Colasurdo, 214 N.J. Super. 185, 189 (App. Div. 1986) (quoting
State v. Hollander, 201 N.J. Super. 453, 479 (App. Div.),
certif. denied, 101 N.J. 335 (1985)).4
The evidence defendant presented to the trial court did not
establish that the videotape had more than “potential
exculpatory” value relevant to a violation of N.J.S.A. 39:4-50.
The State was required to show that defendant was driving and
was intoxicated. Defendant’s Alcotest results established his
intoxication as a matter of law, and nothing depicted on the
videotape could defeat that proof of a per se violation. State
v. Gordon, 261 N.J. Super. 462, 467 (App. Div. 1993). At the
time of his guilty plea, defendant admitted that he was driving.
In support of his motion to withdraw, defendant provided no
information to the trial court that would have allowed the court
to conclude that the videotape included evidence that would show
4 Some jurisdictions have determined as a matter of
state constitutional law that proof of bad faith is not
required. See, e.g., State v. Johnson, 951 A.2d 1257, 1284
(Conn. 2008). As indicated by the citations to Marshall and
Reynolds above, the New Jersey Supreme Court has followed
he was not driving. Defendant’s certification did not include a
denial of driving — a fact his attorney was careful to point out
to the judge — or any factual assertions suggesting the
videotape would show him doing something inconsistent with
having driven the car. He did not, for example, indicate that
someone else was driving or that he was outside after midnight
because he was taking a walk, welcoming a guest or getting
something from his car. Moreover, Patrolman Errico’s report,
the only relevant evidence of the event presented to the trial
court, suggests nothing other than that the video camera in his
patrol car was activated after the Mercedes had stopped; that is
when Errico reports that he switched on the patrol car’s
overhead lights. From the information presented on the motion,
the most one could conclude is that the videotape might not show
defendant driving or getting out of the parked car. But, even
if the videotape failed to depict that conduct, it would not
establish that defendant had not been operating the car before
the video camera was activated.
The record is also devoid of evidence that would permit an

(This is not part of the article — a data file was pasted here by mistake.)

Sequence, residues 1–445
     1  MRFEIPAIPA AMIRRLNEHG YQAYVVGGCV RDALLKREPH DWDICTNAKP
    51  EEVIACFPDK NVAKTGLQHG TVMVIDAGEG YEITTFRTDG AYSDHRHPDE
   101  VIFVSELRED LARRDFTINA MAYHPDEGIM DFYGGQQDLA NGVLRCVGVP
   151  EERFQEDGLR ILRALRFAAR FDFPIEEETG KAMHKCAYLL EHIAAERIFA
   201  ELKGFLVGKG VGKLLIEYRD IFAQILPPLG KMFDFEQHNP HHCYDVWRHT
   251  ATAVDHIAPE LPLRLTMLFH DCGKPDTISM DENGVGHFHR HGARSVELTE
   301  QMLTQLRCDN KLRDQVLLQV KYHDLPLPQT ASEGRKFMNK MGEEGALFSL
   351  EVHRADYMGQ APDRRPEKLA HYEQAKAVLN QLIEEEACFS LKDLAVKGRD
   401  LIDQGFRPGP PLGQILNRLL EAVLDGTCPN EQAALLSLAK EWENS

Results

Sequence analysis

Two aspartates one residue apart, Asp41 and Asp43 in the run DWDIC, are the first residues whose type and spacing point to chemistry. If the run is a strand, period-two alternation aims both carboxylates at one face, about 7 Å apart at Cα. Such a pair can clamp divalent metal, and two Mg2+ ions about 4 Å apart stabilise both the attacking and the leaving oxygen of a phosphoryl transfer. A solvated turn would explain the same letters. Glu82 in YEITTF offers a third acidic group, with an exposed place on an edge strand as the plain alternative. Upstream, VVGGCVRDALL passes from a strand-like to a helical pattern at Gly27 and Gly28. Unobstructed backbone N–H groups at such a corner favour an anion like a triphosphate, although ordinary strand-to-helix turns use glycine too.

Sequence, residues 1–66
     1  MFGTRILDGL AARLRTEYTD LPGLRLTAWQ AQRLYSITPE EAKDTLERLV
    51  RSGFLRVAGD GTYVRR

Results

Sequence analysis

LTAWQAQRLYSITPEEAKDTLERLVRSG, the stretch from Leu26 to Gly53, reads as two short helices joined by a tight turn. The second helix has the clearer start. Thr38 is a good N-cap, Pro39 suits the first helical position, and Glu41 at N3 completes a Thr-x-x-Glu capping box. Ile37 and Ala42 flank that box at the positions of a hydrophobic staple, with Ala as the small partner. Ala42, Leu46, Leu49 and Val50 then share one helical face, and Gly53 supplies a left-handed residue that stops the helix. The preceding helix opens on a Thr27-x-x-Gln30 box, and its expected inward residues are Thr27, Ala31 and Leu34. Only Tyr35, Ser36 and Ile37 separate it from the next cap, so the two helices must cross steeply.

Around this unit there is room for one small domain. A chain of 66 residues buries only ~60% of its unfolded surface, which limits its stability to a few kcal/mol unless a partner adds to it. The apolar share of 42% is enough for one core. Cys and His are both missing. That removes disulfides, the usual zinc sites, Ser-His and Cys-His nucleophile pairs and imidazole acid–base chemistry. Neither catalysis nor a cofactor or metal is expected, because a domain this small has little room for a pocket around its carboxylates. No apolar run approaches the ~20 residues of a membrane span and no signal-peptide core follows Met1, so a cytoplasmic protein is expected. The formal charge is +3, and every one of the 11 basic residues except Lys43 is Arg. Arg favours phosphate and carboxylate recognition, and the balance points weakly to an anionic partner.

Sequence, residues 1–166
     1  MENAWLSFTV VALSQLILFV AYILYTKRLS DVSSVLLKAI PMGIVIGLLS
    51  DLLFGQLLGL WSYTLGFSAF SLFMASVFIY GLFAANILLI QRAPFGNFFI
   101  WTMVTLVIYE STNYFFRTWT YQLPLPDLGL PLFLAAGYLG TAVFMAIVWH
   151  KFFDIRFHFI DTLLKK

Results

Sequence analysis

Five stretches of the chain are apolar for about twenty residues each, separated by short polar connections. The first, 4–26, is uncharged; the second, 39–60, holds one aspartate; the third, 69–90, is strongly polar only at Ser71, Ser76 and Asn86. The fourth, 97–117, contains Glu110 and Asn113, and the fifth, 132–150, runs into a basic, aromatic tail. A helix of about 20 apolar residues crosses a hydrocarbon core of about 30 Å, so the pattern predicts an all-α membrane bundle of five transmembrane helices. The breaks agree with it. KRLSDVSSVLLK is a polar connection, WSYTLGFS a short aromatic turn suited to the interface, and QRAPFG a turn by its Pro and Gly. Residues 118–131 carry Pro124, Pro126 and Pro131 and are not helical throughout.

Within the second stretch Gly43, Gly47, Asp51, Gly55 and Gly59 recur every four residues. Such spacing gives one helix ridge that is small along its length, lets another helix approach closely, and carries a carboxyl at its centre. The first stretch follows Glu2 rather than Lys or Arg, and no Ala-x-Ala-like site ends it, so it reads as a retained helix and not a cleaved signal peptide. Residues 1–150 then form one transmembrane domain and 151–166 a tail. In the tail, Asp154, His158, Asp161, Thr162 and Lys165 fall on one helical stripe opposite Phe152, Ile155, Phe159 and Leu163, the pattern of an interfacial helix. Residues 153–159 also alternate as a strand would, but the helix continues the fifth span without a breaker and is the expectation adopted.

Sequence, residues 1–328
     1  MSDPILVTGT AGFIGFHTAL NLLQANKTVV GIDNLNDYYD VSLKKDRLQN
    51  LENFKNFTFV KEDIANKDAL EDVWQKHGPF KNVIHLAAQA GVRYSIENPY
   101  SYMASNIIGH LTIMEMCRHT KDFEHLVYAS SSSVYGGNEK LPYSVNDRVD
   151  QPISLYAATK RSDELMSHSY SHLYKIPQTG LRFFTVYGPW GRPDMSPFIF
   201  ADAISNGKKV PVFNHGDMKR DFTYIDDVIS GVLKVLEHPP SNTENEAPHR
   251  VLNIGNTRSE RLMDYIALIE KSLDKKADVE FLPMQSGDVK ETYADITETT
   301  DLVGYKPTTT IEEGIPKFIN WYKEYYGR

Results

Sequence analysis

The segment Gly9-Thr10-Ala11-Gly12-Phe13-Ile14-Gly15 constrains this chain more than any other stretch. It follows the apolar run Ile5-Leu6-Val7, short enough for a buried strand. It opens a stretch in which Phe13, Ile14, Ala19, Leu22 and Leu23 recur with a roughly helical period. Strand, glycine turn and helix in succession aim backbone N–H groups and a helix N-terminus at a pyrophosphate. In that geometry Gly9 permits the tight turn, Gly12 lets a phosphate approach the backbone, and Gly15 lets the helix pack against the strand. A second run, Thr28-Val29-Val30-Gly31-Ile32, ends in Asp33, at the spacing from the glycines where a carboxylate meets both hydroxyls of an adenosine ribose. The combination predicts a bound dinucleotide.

inference of bad faith or connivance on the part of the State at
the time the evidence was destroyed. Defendant was arrested on
September 27, 2006 and pled guilty on November 29, 2006,
approximately two months after his arrest. Defendant does not
dispute that the videotape was reused in accordance with
departmental procedures no earlier than ninety days after his
arrest, which is about a month after his guilty plea. Those
facts are not indicative of bad faith. See Reynolds, supra, 142
N.J. at 569. After the plea, the State had no reason to assume
or suspect that the videotape would play any role in this case.
Even before the plea, given defendant’s Alcotest results and
Errico’s report, a videotape that did not depict defendant
driving or getting out of his car would not have “apparent”
Because defendant did not establish that the videotape had
exculpatory value that was apparent to the State when it was
erased through reuse or that its potentially exculpatory value
was destroyed in bad faith, defendant could not establish his
entitlement to relief. Ibid. Even if we were to assume that
the videotape included exculpatory evidence and was available to
the prosecution at the time of discovery, we could not conclude
that defendant demonstrated that the videotape was material to
his decision to plead guilty. See United States v. Pedraza, 27
F.3d 1515, 1527 (10th Cir. 1994) (assuming existence at the time
of discovery and considering materiality), cert. denied, 513
U.S. 941, 115 S. Ct. 347, 130 L. Ed. 2d 303.
Under Parsons, defendant was required to establish a
reasonable probability that he would not have pled guilty if he
had the videotape, which is largely a function of the relative
strength and weakness of the case for the prosecution and the
defense and the persuasiveness of the withheld evidence. 341
N.J. Super. at 456. In making that assessment, other courts
have considered statements made by the defendant at the time of
the plea. See Campbell, supra, 769 F.2d at 322, 324 (finding
that knowledge of a victim’s possession of a gun, while
important to the defendant and his attorney, would not have led
him to go to trial on a claim of self-defense because of the
great weight that must be assigned to defendant’s admission,
made in open court at the time of his guilty plea, that he shot
his former wife and her companion because they were with one
another). We agree with that approach.